"except that I sure don't mean to be talking about any mere functional property when I call something morally bad"

    Well, when I call something a thermostat, I don't mean to be talking about a mere functional property but rather a mechanism that reacts to cold air by heating and warm air by cooling. In the same way, when I call something morally bad, I don't mean to be talking about a mere functional property but rather that thing being something not to be avoided, to be felt guilty about, to be warned against and criticed for, and so on.

    If the talk about a functional property in the former case is not transparent to me, it's not clear why it should be in the former case.

    "But can such dispositional accounts adequately capture the cognitive significance of our concepts? There seems to be an important categorical aspect to the meaning of our thoughts, to which we have direct ('a priori') access"

    I'm not quite sure what you mean by 'cognitive significance' and 'categorical aspect' in this argument. Could you help me a bit here before I say anything silly? If you mean whether this kind of views can deal with Frege's puzzle, then that should not be a problem as long as there can be different classificatory practices that pick out the same things.

    In any case, here's one case against the bridge principle. I take it that names are opaque - the sense does not determine reference across the worlds (Hesperus and Phosperus after all are names).

    Now, with names, if we believe Kripke, it cannot be required of individual speakers that there that the speaker associates a transparent reference-fixing functional property to the name. If you are in the chain of use, you can talk about Richard Feynman even if you don't know where you picked up the name. You might know that he is a famous phycisist but that doesn't pick him out uniquely either.

    The same probably goes for animal species. I can talk about Jaguars without having a functional properties in mind that would pick them out uniquely. So, the bridge principle cannot be true of names and natural kinds for all speakers, and so it cannot be general principle on which to rely.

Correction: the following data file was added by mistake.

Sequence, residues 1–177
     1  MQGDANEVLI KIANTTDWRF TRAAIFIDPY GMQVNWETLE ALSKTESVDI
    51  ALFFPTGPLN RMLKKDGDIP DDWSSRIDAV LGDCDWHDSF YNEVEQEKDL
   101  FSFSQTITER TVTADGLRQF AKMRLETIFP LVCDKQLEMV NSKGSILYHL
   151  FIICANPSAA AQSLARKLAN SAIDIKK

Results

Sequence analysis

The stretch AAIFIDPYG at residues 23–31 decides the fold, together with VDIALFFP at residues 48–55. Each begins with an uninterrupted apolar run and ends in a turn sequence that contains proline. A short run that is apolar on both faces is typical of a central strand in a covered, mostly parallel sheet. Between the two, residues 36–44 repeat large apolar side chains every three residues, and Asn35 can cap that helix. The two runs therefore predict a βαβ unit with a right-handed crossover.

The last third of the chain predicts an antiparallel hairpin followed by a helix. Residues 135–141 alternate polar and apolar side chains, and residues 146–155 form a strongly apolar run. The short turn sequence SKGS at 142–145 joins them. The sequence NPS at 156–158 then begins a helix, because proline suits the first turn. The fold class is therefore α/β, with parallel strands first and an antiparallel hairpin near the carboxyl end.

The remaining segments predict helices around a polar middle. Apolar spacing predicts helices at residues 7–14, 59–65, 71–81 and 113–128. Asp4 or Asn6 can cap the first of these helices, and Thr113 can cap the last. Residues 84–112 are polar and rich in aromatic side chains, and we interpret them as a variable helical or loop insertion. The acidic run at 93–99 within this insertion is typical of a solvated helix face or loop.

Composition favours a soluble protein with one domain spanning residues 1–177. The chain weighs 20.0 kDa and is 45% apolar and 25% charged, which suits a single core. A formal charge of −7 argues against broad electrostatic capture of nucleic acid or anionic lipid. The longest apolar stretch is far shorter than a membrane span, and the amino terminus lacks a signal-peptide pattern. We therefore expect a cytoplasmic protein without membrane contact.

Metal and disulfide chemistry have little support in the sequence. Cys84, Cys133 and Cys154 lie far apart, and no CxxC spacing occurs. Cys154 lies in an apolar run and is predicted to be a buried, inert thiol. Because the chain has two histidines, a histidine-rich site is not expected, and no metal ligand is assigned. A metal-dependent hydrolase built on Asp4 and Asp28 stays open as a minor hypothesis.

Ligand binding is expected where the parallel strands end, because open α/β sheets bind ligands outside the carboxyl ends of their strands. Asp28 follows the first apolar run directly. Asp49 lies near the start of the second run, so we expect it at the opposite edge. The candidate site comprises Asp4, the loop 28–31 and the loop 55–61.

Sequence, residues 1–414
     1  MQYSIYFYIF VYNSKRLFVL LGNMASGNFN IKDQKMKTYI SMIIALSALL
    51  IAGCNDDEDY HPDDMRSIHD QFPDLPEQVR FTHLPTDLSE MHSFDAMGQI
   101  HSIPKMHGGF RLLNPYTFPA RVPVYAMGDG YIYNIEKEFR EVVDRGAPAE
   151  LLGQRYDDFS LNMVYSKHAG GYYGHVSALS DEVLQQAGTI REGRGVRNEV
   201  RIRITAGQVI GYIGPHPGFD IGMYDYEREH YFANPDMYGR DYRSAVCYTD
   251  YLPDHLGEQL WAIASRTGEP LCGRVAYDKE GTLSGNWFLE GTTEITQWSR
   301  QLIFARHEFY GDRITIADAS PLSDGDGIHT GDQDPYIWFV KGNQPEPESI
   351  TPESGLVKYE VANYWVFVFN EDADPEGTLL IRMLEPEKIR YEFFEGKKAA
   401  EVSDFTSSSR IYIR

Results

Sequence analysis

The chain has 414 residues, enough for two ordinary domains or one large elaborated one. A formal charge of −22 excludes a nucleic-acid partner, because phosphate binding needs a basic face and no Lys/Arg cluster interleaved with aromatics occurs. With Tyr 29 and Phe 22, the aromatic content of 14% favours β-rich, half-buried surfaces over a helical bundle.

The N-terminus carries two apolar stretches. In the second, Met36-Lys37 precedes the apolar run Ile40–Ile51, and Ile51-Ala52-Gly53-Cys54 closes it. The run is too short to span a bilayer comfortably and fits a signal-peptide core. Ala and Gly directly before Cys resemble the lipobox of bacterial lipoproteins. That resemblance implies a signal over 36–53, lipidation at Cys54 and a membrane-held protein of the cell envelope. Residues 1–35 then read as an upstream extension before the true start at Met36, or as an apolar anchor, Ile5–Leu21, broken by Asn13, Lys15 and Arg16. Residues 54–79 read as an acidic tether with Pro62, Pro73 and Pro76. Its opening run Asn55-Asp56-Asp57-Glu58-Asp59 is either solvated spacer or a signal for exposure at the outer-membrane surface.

You might think that the original namers of a person need to have a functional property in mind. This wouldn't help with the moral properties case, and it's not clear why mere interaction with the name object would not be enough.

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  13. Hi Jussi, I was thinking Frank Jackson's causal descriptivism undermined Kripke's reasons for doubting that names are transparently associated with functional properties. (They might be properties like "the person dubbed 'Feynman' at the end of the causal chain that led to this tokening".) Importantly, normative terms do not seem to be deferential or opaque in this way. We can fully grasp what we mean by calling a state of affairs intrinsically good, for example. If one were willing to grant the transparency of these terms directly, it could substitute for the second and third premises of my original argument.

    P.S. By 'cognitive significance' here I'm partly thinking of phenomenological significance -- there's something that it's like to think about intrinsic goodness, and I take it that the phenomenology here is influenced by (our grasp of) the meaning of our thoughts.

    I took your talk of 'know how' to indicate a kind of dispositional account (is this what you intended?), whereby the meaning of a concept is given by what we're disposed to apply it to. I spoke of 'categorical' aspects of meaning to contrast with this: there is an aspect of meaning that is directly present to our minds, we do not have to wait and see how we use our words before we know what they mean.

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  14. I think this ultimately comes down to your view of metaphysics.

    If you believe in a robust metaphysics which allows necessary truths whose truth is not a consequence of the meaning of the words, e.g., you think that it's a necessary truth that Lewisian possible worlds exist, then your hole argument really doesn't accomplish much.

    After all there was no 'hole' in 'If Napolean had been a better general he would have conquered Europe' that asks for a universe just as real as ours where Napolean was a better general and did conquer Europe yet if you think Lewisian possible worlds exist necessarily the two claims are necessarily equivalent.

    On the other hand if you have a sparse view of metaphysics as I do and think necessary truth and analytic coincide (it's complicated to fully spell this out) then your argument is more convincing.